Recently, two ocean-view Manhattan Beach Hill section lots traded off-market for $6.2 million each which, from our research, appears to set a new high water mark for dirt in the Hill section, although that record may soon be broken by a property currently in escrow.
One lot - 1007 Pacific Avenue - measures 63' x 140' and occupies 9,379 sf at the northwest corner of 10th and Pacific, with the longer side running down 10th Street as it slopes toward the ocean.
Back in 2014-15, this lot was marketed at the nose bleed price of $6.6 million but was eventually reduced to $5,990,000 with no takers. Now, as of April 19 of this year, the lot has a new owner, the head coach of the men's basketball team at USC. It is a virtual certainty that he will be tearing down the extremely dated 4,200 sf home in order to build his family's personal residence and maximize those killer views.
The second lot to hit that $6.2 million figure is 823 6th Street, which consists of a 1,510 sf teardown on a 9,980 sf lot. This home first traded for $3.5 million back in 2005, then $5.9 million when an LLC bought it in 2016 (usually a sign of a future spec project). However, the LLC turned around and transferred title to a private party for $6.2 million in February of this year.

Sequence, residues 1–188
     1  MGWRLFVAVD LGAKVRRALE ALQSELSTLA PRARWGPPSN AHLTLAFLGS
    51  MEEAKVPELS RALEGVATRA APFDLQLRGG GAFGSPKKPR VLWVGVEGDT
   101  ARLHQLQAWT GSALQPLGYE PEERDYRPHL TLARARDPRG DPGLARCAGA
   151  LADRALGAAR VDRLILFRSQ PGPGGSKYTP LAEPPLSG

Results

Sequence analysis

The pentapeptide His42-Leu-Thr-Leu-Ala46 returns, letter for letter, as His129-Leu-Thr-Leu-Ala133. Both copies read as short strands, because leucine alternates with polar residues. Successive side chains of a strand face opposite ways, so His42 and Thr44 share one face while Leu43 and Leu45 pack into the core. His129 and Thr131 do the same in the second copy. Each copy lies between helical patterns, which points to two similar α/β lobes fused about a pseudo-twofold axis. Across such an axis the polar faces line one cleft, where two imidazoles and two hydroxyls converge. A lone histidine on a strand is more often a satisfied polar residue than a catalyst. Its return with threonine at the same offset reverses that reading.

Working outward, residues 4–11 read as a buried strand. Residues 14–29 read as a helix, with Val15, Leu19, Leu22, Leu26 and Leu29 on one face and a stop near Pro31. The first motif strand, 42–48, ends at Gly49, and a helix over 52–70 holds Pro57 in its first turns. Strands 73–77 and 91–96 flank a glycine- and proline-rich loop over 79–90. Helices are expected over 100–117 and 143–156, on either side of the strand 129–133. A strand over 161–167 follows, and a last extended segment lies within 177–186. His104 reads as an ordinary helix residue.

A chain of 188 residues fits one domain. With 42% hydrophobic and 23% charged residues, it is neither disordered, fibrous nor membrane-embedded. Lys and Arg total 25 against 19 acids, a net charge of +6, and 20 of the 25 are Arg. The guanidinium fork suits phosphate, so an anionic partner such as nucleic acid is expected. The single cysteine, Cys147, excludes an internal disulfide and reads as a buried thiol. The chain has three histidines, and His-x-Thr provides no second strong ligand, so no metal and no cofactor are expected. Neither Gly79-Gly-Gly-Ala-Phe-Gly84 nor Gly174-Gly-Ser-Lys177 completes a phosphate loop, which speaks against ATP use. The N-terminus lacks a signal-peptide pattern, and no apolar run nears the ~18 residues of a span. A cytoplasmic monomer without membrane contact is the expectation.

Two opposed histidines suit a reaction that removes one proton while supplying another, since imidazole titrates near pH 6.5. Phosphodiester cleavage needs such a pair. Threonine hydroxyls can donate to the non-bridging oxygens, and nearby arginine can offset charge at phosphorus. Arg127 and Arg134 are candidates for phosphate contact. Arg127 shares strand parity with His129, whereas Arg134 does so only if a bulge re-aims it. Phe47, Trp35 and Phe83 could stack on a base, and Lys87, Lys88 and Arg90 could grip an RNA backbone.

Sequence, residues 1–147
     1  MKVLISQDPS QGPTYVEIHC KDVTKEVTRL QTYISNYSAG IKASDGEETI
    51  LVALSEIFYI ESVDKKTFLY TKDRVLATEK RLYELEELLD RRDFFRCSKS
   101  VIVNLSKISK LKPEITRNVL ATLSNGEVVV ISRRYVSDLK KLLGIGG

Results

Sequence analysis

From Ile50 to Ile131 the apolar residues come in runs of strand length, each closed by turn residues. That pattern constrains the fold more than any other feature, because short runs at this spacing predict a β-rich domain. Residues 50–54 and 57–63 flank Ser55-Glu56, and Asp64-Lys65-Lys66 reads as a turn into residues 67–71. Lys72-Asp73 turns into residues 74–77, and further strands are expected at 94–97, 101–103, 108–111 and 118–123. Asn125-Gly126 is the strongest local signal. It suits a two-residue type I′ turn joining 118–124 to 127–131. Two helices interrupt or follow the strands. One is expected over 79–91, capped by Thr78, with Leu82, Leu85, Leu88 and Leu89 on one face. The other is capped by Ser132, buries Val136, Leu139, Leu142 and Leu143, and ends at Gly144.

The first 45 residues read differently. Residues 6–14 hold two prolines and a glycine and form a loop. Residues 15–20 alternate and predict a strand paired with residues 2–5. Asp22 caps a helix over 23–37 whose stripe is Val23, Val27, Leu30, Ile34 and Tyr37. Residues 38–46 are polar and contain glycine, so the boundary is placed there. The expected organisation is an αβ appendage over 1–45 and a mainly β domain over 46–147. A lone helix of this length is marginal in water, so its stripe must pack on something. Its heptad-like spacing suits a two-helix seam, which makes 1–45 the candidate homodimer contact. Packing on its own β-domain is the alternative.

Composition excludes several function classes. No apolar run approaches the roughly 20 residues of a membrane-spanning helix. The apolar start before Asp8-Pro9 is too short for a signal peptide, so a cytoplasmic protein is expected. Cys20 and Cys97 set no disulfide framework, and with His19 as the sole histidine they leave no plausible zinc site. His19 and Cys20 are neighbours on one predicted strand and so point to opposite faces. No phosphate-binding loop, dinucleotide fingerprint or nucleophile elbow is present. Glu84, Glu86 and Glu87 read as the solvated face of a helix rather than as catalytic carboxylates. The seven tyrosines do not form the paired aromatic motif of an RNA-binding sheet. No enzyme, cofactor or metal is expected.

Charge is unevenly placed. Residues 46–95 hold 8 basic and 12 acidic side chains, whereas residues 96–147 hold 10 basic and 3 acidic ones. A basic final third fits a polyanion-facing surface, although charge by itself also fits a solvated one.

Last year, we saw 512 Pacific Avenue, a huge (over a quarter of an acre) 11,407 sf lot trade for the second time in 18 months. The first time it hit the market in 2016 as a 3-bedroom teardown, it sold for $5.5 million. When the buyer changed his mind after clearing the lot, he resold it last year for $6.1 million, including plans for an 8,000 sf 'soft' contemporary home (see rendering below).
All of these sales may soon be upstaged if 100 N Dianthus, currently in escrow, closes at the rumored sale price of $6.4 million.
This property, pictured below, actually comes with an extremely substantial 6-bedroom, 7060 sf home. However, the home is dated (built in 1982) and has a somewhat dysfunctional floor plan that doesn't do justice to the large (9,370 sf) ocean-view corner lot so the $6 million list price ended up attracting a number of bids from developers and end users looking to tie up the land in order to bulldoze the existing home and build a new one.
Things certainly have changed in our local market when a 7,060 sf home can be viewed as a teardown. Makes one think of Beverly Hills and Bel Air, where this sort of oversized teardown is more common.
Update: 100 N Dianthus did in fact end up selling for a record price for Hill section dirt - $6,362,400. Again, we are calling this a lot sale (despite the imposing house currently presiding over this ocean-view corner lot) as it is our understanding the buyer will be tearing this home down.